Last Saturday an impressive football team from just up the road in Durham, NC gave the Charlotte 49ers a little taste of FCS caliber competition. In the minutes, hours, and days following the final snap this weekend I read story after story, analysis after analysis, and review after review from self-proclaimed college football experts. Some said the loss could be attributed to Matt Johnson’s five interceptions. Some said it wasn’t just Johnson’s fault and blamed the team’s seven turnovers. Other “Monday morning quarterbacks” seemed to feel like dropped passes and a lackluster effort on special teams were at fault for the blowout loss. While I’ll agree, a team committing seven turnovers (whether in the NFL or in Pop Warner) will have a difficult time winning anything other than the coin toss, I don’t necessarily feel like all of the blame should rest there.
Before I continue, a little background about me that’s not in my Pick Axe profile. I’m not a football expert. I’ve never played a day of organized football in my life. Well with the exception of some intramural flag football I played in college (we’ll just say I wasn’t very good, and leave it at that). Not to say that I don’t have the size or mindset for it, but my mother was always a little afraid I’d get hurt, so my youth came and went without ever getting to hit someone in shoulder pads. I have however, participated in plenty of organized sports contests. I’ve played soccer since I was six, ran and competed in throwing events in track and field, have officiated soccer on the amateur and high school level, and even dabbled in coaching. I love football. Both college and at the professional level. I never truly appreciated college football until about two months ago when I attended my first Charlotte 49ers Football practice, but that’s simply because I’m fiercely loyal. My alma mater never had a football team before this year and I just felt it would be a personal affront to them and my scruples if I donned a college football jersey from any other school than my own. For those who haven’t read my Pick Axe profile, I attended UNC Charlotte from 1998 to 2002 and bleed 49er green and gold. Since 1998 I’ve missed very few men’s and women’s soccer games, men’s and women’s basketball games, and try to hit as many baseball and softball games as I can. During my time as a student at UNC Charlotte (4 1/2 years) I attended every volleyball game (home and away), every home men’s and women’s basketball game, and traveled to every volleyball and men’s basketball conference tournament. It’s safe to say, 49er athletics is important to me and is a significant part of my life.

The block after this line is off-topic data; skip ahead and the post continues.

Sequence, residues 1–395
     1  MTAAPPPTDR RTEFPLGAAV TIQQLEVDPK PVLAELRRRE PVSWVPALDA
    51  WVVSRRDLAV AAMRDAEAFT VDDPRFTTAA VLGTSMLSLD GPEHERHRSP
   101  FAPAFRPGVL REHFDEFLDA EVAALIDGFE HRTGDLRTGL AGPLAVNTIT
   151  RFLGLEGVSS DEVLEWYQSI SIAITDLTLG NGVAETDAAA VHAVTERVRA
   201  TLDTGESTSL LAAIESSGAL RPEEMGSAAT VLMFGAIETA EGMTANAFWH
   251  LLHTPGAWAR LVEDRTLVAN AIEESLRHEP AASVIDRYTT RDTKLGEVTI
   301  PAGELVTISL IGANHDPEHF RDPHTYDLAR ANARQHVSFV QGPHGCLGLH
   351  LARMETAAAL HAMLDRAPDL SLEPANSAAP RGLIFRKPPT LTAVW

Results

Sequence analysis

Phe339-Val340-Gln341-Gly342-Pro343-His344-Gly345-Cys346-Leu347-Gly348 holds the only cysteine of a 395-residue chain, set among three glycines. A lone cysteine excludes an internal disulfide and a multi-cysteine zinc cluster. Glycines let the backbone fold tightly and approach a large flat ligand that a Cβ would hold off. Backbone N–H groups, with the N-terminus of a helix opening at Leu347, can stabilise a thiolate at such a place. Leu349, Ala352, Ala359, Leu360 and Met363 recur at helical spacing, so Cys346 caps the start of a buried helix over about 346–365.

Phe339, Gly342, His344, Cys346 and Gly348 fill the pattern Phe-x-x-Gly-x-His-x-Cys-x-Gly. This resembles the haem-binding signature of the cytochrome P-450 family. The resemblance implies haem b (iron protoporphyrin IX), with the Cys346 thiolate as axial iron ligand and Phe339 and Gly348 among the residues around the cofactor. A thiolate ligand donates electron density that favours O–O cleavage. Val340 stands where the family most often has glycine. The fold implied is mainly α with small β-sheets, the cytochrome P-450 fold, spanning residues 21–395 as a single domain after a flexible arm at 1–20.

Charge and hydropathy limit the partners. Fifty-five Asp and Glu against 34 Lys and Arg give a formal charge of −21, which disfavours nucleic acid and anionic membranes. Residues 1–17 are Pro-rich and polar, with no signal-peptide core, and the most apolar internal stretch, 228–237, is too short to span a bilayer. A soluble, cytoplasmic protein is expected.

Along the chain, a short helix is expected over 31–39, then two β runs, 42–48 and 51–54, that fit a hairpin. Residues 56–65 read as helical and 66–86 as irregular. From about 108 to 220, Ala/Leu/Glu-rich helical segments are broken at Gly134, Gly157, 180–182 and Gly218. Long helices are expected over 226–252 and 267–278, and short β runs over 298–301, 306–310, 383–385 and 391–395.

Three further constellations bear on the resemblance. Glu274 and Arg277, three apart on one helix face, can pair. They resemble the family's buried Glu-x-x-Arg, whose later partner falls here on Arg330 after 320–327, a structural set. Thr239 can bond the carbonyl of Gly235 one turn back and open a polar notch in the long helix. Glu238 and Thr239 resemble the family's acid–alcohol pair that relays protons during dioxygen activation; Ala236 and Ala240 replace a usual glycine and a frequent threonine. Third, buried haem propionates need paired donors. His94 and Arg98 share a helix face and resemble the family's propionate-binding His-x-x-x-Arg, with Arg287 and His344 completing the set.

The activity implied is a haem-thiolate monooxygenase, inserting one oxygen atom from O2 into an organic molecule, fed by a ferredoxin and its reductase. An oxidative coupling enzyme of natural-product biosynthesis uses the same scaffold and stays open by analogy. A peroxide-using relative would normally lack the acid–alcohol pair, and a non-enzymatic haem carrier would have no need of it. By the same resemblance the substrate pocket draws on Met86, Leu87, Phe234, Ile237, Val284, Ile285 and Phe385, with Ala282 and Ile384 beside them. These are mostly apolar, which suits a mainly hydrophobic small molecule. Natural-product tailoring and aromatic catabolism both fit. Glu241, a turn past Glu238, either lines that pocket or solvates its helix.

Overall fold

With all of that said, I want to discuss an important aspect of college football known as the “12th man.” For those unaware of even the most basic football rules, each team is permitted 11 players on the field at one time. Who is the “12th man” then you ask?? The coach?? The athletic trainer?? The water boy?? No, the “12th man” is YOU. It’s the fans. The spectators. The butts in the seats who penciled the 49ers in for three hours out of their potentially busy Saturday afternoon. The “12th man” is the guy (or gal) who is there for the team if they need him. The guy (or gal) who is there in a pinch and simply by being present, can help their team to victory. The guy (or gal) who knows they’ll never play a snap in their team’s uniform but would do anything to help them win.
Don’t believe me? No worries, you don’t have to take my word for it. The storied and decorated college football program at Texas A&M has been utilizing the “12th man” to defeat opponents since 1922. According to the website www.aggietraditions.tamu.edu the tradition of the “12th man” began when a Texas A&M football coach remembered that he had a player in the press box helping reporters identify players on the field. When the coach realized this, he called the player from the stands, had him dress and stand ready on the sidelines to help his team to victory if his assistance became necessary. The player’s name was E. King Gill, and he never actually left the sidelines during that game. Texas A&M won the game 22-14 and after the game Gill said, “I wish I could say that I went in and ran for the winning touchdown, but I did not. I simply stood by in case my team needed me.”
The next statement was taken directly from the above mentioned website and perfectly describes the nature and purpose of the “12th man.”
“This gesture was more than enough for the Aggie Team. Although Gill did not play in the game, he had accepted the call to help his team. He came to be thought of as the Twelfth Man because he stood ready for duty in the event that the eleven men on the gridiron needed assistance. That spirit of readiness for service, desire to support, and enthusiasm helped kindle a flame of devotion among the entire student body; a spirit that has grown vigorously throughout the years. The entire student body at A&M is the Twelfth Man, and they stand during the entire game to show their support. The 12th Man is always in the stands waiting to be called upon if they are needed.”
So what does that have to do with the Charlotte 49ers and the contest watched by so many of us in disbelief this past weekend? Well, here’s my disclaimer. If your feelings are easily hurt, stop reading now.